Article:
On January 11th 2014 I wrote the following as part of an article about casual racism:
“Last night, as I watched the Perth Scorchers win their T20 game against the Sydney Sixers, I reflected on the many derisive comments that I have heard in the last few years about people of Muslim faith. The generalisations about their attitudes to life, religion and others in the community have been very degrading. And as Yasir Arafat (A man of Pakistani Muslim origin) came in to bowl the super over that allowed the Scorchers to pull off a remarkable victory, I pondered the other great statement of defence I hear in this context “Yes, but he is different”!”
Just over 12 months later I feel that I should be writing the same thing again. Of course this time Yasir Arafat managed to score one run on the very last ball to win the game for the Scorchers last night. Yet his faith adherence has not been raised by a single one of the usual detractors who were quick to attribute the actions of one person in the Sydney siege to the actions of the whole religious community.
The issue comes back to the current view of sociologists whose thinking is explained below:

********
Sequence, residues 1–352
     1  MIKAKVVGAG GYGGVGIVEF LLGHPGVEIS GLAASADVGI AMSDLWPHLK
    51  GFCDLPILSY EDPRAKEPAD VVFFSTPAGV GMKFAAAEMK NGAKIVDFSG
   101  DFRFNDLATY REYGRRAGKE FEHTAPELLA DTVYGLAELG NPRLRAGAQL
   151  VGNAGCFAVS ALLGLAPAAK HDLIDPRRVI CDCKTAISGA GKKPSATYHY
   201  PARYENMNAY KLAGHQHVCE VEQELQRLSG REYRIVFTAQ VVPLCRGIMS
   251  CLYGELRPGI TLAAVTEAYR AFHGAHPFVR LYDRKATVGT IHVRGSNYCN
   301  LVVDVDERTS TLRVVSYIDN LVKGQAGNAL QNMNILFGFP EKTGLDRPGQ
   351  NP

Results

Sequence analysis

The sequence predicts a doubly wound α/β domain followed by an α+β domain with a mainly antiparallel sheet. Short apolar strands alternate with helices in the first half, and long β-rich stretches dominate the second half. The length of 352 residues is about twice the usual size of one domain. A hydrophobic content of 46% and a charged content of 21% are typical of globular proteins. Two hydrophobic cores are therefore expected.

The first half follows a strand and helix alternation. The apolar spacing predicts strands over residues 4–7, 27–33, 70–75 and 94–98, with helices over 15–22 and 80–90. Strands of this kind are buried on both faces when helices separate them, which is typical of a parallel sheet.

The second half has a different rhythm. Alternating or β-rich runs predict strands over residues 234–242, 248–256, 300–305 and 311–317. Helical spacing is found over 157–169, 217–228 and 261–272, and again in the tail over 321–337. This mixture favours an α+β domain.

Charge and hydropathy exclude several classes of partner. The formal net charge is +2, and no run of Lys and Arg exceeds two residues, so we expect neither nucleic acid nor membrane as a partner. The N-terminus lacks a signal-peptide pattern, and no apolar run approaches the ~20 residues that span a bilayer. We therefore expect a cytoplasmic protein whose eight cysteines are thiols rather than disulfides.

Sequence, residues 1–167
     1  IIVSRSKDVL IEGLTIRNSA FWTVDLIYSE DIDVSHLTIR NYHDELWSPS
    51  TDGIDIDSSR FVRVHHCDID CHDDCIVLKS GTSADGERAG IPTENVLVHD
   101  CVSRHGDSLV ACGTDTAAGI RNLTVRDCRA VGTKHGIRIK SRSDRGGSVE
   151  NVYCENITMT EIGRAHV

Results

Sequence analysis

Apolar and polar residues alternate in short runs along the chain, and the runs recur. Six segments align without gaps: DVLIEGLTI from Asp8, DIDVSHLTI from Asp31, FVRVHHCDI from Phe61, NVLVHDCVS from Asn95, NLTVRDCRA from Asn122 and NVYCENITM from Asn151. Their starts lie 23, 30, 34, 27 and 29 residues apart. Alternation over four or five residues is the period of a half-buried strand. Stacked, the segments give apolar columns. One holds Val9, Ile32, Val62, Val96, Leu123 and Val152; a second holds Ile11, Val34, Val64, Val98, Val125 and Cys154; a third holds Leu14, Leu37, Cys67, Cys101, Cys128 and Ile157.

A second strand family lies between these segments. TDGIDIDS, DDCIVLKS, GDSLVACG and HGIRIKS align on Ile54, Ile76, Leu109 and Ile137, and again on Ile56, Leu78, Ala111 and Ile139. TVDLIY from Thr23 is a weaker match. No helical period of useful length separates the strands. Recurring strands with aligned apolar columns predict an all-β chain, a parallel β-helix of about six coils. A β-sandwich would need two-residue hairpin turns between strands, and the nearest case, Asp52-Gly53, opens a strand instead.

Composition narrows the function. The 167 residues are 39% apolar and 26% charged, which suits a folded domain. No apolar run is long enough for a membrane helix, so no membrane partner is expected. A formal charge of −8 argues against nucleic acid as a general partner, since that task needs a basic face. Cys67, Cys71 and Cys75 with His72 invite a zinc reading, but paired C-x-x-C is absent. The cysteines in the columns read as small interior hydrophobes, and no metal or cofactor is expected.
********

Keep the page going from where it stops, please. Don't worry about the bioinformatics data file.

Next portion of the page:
“Fundamental to all of the above discussion is the current thinking in sociological circles that there is only one “race” of people and that is the “Human Race”. There is nothing about my “Indianness” or someone else’s “Greekness” that makes me or them a better or worse person than anyone else walking down the street. It is the life that I CHOOSE to lead and the behaviour that I exhibit that determines my attitude to others. We all have the capacity to do the same and influence others to follow our example.”
And before any of you leap to your defences to make the point that Islam is not a race but a religion let me emphasise that that is not the point of this discussion. There is nothing about the fact that Monis (the Sydney Siege gunman) was of Islamic faith that makes his actions that of the religious group. Likewise the actions of Yasir Arafat (the cricketer) are not those of the religion. They are the acts of one person acting in his own right.
Not long ago (November 2014) Dr Tim Soutphommassane the Race Discrimination Commissioner at the Australian Human Rights Commission addressed some of the issues around race and religion in particular with regard to Islam. Some of what he had to say is as follows:
“Race and religion